Skip to ContentGo to accessibility pageKeyboard shortcuts menu
OpenStax Logo
Introduction to Python Programming

12.3 Recursion with strings and lists

Introduction to Python Programming12.3 Recursion with strings and lists

Learning objectives

By the end of this section you should be able to

  • Demonstrate the use of recursion to solve a string problem.
  • Demonstrate the use of recursion to solve a list problem.
  • Use the built-in count() list function.

Recursion with strings

A word that is spelled the same forward and backward is called a palindrome. Ex: racecar.

Recursion can be used to identify whether a given word is a palindrome.

Checkpoint

Identifying a palindrome

Concepts in Practice

Recursion with strings

Refer to the animation above.

1.
Which of the following does palindrome() recognize as a palindrome?
  1. madamm
  2. madaM
  3. madame
2.
What would happen if the condition on line 4 of palindrome() is changed to if len(word) == 1:
  1. Only palindromes with an odd number of letters would be recognized correctly.
  2. Nothing. The function would work the same.
  3. The function would not recognize any palindromes.
3.
What would happen if the condition in line 8 palindrome() is changed to if palindrome(word.strip(word[0])).
  1. Nothing. The function would work the same: the first and last letter would be removed.
  2. Some words, such as "madamm", would be incorrectly recognized as a palindrome.

Recursion with lists

The animation below shows a recursive way to check whether two lists contain the same items but in different order.

The count() function returns a count of the number of items in a list that match the given item, and returns 0 otherwise. Ex: For list_num = [1, 3, 3, 4], list_num.count(3) returns 2.

Checkpoint

Checking list permutations

Concepts in Practice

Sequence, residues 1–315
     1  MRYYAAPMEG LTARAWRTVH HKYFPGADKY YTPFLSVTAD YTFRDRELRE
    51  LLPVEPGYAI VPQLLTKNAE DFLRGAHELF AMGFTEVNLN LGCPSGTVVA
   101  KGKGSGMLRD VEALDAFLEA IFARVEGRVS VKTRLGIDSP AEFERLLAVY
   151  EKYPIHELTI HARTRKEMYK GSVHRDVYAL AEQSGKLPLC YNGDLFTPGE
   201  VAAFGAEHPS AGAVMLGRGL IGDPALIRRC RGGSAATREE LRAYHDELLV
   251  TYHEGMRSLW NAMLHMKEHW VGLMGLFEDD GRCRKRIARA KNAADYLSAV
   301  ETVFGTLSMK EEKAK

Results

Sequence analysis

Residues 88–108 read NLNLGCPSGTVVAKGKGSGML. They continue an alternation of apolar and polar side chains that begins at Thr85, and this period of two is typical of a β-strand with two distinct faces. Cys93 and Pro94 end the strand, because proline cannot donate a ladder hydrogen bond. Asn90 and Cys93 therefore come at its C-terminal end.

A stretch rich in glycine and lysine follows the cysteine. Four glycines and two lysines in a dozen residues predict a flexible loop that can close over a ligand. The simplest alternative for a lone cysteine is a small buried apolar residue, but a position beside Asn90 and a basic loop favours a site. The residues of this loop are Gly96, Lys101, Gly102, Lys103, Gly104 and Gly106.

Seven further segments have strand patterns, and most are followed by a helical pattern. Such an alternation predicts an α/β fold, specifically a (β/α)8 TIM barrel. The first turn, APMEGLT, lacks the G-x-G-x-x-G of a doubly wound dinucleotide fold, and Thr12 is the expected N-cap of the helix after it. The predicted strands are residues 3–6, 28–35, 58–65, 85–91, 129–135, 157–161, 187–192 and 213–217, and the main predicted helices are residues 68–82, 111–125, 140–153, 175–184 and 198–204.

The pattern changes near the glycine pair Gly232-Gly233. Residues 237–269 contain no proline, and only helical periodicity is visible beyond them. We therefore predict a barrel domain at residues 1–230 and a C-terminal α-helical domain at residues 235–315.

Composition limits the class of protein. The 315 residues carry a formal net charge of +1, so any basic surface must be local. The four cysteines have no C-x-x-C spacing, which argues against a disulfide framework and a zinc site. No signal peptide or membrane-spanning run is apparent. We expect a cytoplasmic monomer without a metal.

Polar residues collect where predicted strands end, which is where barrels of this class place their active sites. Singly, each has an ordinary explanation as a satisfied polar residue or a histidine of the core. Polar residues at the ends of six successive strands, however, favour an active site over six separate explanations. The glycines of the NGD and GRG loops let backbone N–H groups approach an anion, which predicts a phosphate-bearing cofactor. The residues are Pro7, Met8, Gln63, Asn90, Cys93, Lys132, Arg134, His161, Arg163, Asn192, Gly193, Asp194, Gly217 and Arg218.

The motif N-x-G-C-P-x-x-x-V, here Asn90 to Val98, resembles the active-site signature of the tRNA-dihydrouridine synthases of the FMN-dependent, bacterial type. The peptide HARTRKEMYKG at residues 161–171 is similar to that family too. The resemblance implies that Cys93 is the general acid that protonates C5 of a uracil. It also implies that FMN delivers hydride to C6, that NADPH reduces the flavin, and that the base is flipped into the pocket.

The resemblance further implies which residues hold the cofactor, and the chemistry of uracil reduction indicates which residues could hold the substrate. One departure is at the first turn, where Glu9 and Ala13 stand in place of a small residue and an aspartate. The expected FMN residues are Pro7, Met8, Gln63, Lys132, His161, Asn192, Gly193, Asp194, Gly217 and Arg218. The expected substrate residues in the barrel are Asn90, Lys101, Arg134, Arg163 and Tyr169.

List permutations

Refer to the above animation. What would permu_check() return for each pair of lists below?

4.
list_num = [1, 7, 99, 2]
other_list = [99, 7, 1, 2]
  1. True
  2. False
5.
list_num = [22, 9, 15, 17, 15]
other_list = [17, 9, 22, 22, 15]
  1. True
  2. False
6.
honors_list = ["Bo", "Joe", "Sandy"]
first_names_of_team_1 = ["Sandy", "Bo", "Joe"]
  1. True
  2. False
7.
this_list = [1, 2, [3], [4], 5]
that_list = [[3], 1, 5, [4], 2]
  1. True
  2. False
8.
list_1 = [1, 2, 3]
list_2 = [1, 2, 3]
  1. True
  2. False

Try It

Remove duplicates

Write a recursive rem_dup() function that removes duplicates from a list.

Ex: List [5, 5, 2, 1, 3, 1, 6] should result in an output list [5, 2, 1, 3, 6].

Citation/Attribution

This book may not be used in the training of large language models or otherwise be ingested into large language models or generative AI offerings without OpenStax's permission.

Want to cite, share, or modify this book? This book uses the Creative Commons Attribution License and you must attribute OpenStax.

Attribution information
  • If you are redistributing all or part of this book in a print format, then you must include on every physical page the following attribution:
    Access for free at https://openstax.org/books/introduction-python-programming/pages/1-introduction
  • If you are redistributing all or part of this book in a digital format, then you must include on every digital page view the following attribution:
    Access for free at https://openstax.org/books/introduction-python-programming/pages/1-introduction
Citation information

© Feb 26, 2024 OpenStax. Textbook content produced by OpenStax is licensed under a Creative Commons Attribution License . The OpenStax name, OpenStax logo, OpenStax book covers, OpenStax CNX name, and OpenStax CNX logo are not subject to the Creative Commons license and may not be reproduced without the prior and express written consent of Rice University.